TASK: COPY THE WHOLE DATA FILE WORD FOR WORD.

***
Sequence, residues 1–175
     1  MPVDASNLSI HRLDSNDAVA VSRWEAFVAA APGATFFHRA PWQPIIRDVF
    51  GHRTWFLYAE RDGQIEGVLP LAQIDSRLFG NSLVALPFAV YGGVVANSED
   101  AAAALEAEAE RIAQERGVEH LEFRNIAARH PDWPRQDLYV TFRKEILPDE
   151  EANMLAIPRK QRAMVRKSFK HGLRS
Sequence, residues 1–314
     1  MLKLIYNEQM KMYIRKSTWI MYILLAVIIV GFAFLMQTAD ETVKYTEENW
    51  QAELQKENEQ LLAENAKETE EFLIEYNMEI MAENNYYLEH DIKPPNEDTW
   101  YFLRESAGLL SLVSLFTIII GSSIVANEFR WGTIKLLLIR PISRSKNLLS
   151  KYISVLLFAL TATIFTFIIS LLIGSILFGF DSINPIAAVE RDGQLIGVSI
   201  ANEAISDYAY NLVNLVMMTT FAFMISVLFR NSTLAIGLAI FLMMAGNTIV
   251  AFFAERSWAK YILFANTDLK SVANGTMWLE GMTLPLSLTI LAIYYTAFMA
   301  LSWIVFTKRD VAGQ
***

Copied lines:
Sequence, residues 1–175
     1  MPVDASNLSI HRLDSNDAVA VSRWEAFVAA APGATFFHRA PWQPIIRDVF
    51  GHRTWFLYAE RDGQIEGVLP LAQIDSRLFG NSLVALPFAV YGGVVANSED
   101  AAAALEAEAE RIAQERGVEH LEFRNIAARH PDWPRQDLYV TFRKEILPDE
   151  EANMLAIPRK QRAMVRKSFK HGLRS
Sequence, residues 1–314
     1  MLKLIYNEQM KMYIRKSTWI MYILLAVIIV GFAFLMQTAD ETVKYTEENW
    51  QAELQKENEQ LLAENAKETE EFLIEYNMEI MAENNYYLEH DIKPPNEDTW
   101  YFLRESAGLL SLVSLFTIII GSSIVANEFR WGTIKLLLIR PISRSKNLLS
   151  KYISVLLFAL TATIFTFIIS LLIGSILFGF DSINPIAAVE RDGQLIGVSI
   201  ANEAISDYAY NLVNLVMMTT FAFMISVLFR NSTLAIGLAI FLMMAGNTIV
   251  AFFAERSWAK YILFANTDLK SVANGTMWLE GMTLPLSLTI LAIYYTAFMA
   301  LSWIVFTKRD VAGQ